Woman ringing a large bell

Ring That Bell

I had heard about the ritual of ringing the bell after chemotherapy is complete, but until I was immersed in cancer treatment myself I didn’t really understand the significance. I rarely heard the bell rung during my days in the infusion room, a lovely spa name for where you receive chemotherapy. I wondered how this ritual makes others feel. The ones who are not finished or may never be finished. It felt a little bit like bragging to ring the bell.

I am not someone who likes to be the center of attention. I have never liked having “Happy Birthday” sung to me even as a child. All the eyes on me made me cringe. My father used to joke he was going to take me to ChiChis, a local Mexican food restaurant, and tell them it was my birthday. He knew this would be my worst nightmare. The servers would don sombreros and carry mariachis while they hollered and sang to a birthday patron. Thankfully, this event never came to pass.

My last treatment

Every other week as I underwent the dreaded, but life-saving chemotherapy treatment, I thought about how many more times I would endure the hours in the infusion room. Each visit meant I was one step closer to my cure, hopefully. While I have not yet learned if the chemo worked, I did finish my last treatment. The day came for my final round. As I went to my treatment I wondered if the doctor tells them it’s your last time. Is there a flag in the chart? Does a signal go off in the system, last chemo, ding, ding? I quietly received my nausea medicine, steroids and chemotherapy medicines one after the other. My nurse was busy with other patients fluttering around with a chipper attitude in a desperate place.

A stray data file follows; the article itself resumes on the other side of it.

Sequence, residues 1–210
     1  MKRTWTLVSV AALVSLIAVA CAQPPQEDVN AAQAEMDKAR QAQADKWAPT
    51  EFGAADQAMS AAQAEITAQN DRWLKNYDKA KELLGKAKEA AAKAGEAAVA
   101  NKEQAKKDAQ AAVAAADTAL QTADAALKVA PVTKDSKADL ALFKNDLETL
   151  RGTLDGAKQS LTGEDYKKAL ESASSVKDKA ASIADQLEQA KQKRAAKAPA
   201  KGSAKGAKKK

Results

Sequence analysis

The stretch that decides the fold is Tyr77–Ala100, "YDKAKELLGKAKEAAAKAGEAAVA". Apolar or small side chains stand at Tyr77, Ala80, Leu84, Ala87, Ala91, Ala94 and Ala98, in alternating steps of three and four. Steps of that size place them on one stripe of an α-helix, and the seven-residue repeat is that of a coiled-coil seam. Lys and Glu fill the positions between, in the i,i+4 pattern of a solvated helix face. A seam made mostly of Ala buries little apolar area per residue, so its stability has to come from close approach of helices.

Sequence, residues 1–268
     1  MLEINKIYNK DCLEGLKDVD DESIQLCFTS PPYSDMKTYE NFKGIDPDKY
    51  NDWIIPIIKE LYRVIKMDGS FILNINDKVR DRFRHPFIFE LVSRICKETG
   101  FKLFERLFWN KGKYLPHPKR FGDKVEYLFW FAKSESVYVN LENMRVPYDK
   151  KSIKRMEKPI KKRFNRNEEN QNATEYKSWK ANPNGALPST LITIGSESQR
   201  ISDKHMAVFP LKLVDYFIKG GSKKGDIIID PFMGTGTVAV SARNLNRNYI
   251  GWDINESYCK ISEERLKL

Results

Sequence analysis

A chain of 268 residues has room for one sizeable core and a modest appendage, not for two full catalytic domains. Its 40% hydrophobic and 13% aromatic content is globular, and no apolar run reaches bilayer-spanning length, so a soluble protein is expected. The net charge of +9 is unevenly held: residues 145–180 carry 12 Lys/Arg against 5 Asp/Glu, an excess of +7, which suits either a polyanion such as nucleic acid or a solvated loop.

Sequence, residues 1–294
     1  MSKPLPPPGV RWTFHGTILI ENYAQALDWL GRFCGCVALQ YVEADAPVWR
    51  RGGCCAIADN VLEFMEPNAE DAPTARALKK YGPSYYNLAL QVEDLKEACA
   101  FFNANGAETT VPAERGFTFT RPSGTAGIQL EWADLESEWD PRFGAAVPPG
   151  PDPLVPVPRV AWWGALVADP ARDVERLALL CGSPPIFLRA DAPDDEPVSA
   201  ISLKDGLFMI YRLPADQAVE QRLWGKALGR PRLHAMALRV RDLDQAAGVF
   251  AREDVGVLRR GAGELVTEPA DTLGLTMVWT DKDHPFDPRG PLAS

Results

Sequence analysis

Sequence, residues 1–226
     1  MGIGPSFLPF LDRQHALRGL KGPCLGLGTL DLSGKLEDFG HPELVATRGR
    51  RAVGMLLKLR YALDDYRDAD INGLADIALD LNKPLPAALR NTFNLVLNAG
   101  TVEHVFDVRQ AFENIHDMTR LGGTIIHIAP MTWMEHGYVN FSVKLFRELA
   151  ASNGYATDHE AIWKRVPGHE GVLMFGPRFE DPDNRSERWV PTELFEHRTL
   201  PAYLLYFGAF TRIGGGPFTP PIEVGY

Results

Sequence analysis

I didn’t tell my nurse. I wondered if she would know. I was not sure if I wanted to call attention to myself. Would ringing the bell feel like the happy birthday moment of childhood? As the last bag of chemo flowed into my port I thought about what it meant to be finished. I thought about the infusion room and never coming back. I thought about the bags of medicine and the port. I thought about my friends and family who came and sat with me while I had treatments.

Are you finished, finished?

My husband was busy reading a book as the last drops flowed through. When a nurse came to flush my port I found myself saying, “I am finished”. She thought I meant for the day and then she asked, “Are you finished, finished? Is this a bell day?” I said yes. The nurses scrambled to sign a card and we waited. I realized that while I didn’t want to brag, I had earned the chance to ring that bell. Every drop of medicine, every side effect, every time I sat in that chair deserved closure.

The nurses handed me a bell and I rang it hard. Tears formed in my eyes and I didn’t want to be seen anymore, but on our way out I rang the last bell. I may not know if my journey with cancer is over, but at this moment in time this course is run and I rang the bell well.

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